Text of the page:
New business license fees in Holladay spark complaints
New business license fees in the city of Holladay have at least one small business owner starting to look elsewhere for more favorable conditions.
The new Holladay rates took effect July 1, and Matt Happe, the owner of a mom-and-pop coffee shop, says his annual license payment jumped from $200 to $700.
"The guy selling handguns out of his house will only pay $100," Happe said, referring to the new fee to launch a home-occupation business.
In 2007, Happe launched Silver Bean Coffee Company, which includes a roasting warehouse in West Valley City, and coffee shops in Park City, Cottonwood Heights and Holladay's site at 6556 S. 3000 East, which opened two years ago.
"I'm happy to pay my fair share," Happe said, "but this is disproportionate."
In a letter to Holladay's elected officials, Happe said his business license renewals in other cities now pale in comparison to Holladay's: He pays $200 to Summit County, $120 to Cottonwood Heights and $130.50 to West Valley City.
Happe's Holladay lease comes up for renewal in February, and he might relocate Silver Bean elsewhere.
"The city seems anti-small-business right now," he said, adding that he took offense at the city's suggesting he handle the higher fee with a payment plan.
The new fees are based on the first business license fee study conducted in Holladay since its 1999 incorporation.
According to Holladay Business License Official Shantel Marsell, the Zions Bank study showed that Holladay's old fee structure covered only 33 percent of the city's business license operating costs. The increases, approved by the City Council in April, raise that number to 67 percent, still leaving the city to absorb the remaining 33 percent.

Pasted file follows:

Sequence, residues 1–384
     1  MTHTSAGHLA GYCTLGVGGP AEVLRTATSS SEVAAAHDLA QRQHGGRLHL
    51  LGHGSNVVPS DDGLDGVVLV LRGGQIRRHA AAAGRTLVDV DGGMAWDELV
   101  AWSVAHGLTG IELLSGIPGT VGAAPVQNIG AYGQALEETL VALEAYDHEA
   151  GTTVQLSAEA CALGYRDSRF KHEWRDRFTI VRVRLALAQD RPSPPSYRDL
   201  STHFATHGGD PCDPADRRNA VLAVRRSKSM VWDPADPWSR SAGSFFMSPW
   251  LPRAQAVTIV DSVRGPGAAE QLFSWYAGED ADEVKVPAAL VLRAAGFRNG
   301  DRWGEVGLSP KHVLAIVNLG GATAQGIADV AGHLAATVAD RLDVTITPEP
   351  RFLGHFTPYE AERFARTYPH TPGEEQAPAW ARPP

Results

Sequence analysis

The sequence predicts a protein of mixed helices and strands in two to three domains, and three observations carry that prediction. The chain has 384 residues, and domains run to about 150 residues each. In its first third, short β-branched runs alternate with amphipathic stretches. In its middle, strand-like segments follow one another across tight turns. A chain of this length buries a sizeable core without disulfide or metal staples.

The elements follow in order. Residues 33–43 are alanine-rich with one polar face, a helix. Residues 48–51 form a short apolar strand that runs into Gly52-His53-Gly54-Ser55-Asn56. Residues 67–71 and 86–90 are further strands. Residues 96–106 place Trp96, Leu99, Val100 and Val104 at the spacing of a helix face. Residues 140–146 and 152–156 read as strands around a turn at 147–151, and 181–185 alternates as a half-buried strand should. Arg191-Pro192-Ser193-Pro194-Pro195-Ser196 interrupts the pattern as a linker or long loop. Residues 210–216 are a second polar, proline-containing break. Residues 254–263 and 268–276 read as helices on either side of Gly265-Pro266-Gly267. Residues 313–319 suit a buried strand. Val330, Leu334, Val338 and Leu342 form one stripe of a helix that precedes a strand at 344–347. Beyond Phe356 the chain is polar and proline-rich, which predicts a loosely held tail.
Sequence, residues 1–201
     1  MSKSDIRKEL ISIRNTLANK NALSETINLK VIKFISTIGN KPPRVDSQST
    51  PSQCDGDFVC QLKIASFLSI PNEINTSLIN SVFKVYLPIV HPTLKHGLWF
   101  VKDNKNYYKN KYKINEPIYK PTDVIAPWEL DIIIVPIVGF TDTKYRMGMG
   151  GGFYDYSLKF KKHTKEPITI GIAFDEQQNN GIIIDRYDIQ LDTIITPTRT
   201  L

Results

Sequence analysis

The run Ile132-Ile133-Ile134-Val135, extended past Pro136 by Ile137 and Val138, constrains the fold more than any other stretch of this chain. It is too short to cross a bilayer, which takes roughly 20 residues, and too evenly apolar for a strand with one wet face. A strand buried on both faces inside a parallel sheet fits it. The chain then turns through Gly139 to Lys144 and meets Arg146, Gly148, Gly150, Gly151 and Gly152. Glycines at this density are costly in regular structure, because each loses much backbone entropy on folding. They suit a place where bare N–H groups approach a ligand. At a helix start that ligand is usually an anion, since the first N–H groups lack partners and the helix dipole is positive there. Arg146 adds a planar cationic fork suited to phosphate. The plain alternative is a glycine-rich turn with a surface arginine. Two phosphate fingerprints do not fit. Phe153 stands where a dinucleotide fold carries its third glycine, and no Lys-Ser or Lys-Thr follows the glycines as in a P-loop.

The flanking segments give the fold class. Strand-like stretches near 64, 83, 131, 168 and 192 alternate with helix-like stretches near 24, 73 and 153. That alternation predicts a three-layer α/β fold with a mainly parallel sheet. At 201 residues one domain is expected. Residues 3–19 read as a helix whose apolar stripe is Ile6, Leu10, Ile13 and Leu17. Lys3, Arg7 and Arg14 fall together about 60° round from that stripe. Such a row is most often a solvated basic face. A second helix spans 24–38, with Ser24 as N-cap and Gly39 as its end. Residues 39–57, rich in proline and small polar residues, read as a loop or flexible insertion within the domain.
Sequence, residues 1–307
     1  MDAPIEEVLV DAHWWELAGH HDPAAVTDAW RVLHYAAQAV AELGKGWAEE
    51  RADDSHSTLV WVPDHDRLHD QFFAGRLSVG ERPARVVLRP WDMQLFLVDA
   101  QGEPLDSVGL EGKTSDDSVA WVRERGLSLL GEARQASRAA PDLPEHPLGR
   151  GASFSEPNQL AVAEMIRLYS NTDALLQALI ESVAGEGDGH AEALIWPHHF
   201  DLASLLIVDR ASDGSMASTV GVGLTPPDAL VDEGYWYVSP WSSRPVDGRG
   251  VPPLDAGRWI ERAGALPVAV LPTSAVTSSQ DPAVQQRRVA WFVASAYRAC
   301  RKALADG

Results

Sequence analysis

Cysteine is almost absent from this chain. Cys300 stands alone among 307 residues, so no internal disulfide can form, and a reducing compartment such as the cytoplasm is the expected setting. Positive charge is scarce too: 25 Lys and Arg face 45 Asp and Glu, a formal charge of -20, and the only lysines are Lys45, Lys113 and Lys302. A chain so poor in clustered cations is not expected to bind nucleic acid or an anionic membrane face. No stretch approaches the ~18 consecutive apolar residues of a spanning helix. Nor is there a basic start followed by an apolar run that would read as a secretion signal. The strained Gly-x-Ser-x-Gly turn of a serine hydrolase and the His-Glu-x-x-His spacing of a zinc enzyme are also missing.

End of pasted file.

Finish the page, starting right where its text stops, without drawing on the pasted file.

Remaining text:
Using citywide police data, the study determined where emergency calls were concentrated and recommended higher fees for business categories that require more public-safety or regulatory services. Establishments that serve edibles will pay more, Marsell said, as will businesses frequently hit by shoplifters.
Some businesses will see a decrease, Marsell added. The Zions study found no link between numbers of employees and a disproportionate draw on emergency and regulatory services, so the city's $6 per-employee fee has been eliminated.
Minutes from a March City Council session indicated that the new fee schedule would increase the city's annual business license revenues from $155,000 to $313,278. No members of the public spoke to the issue. On April 18, the City Council unanimously approved the new fees.
For small operations like Silver Bean, the increase could mean forking over a month's profits, Happe said. Meanwhile, large employers are now getting a break, he added.
"The extra $500 won't affect how I run my life," Happe said, "but the principle seems ridiculous."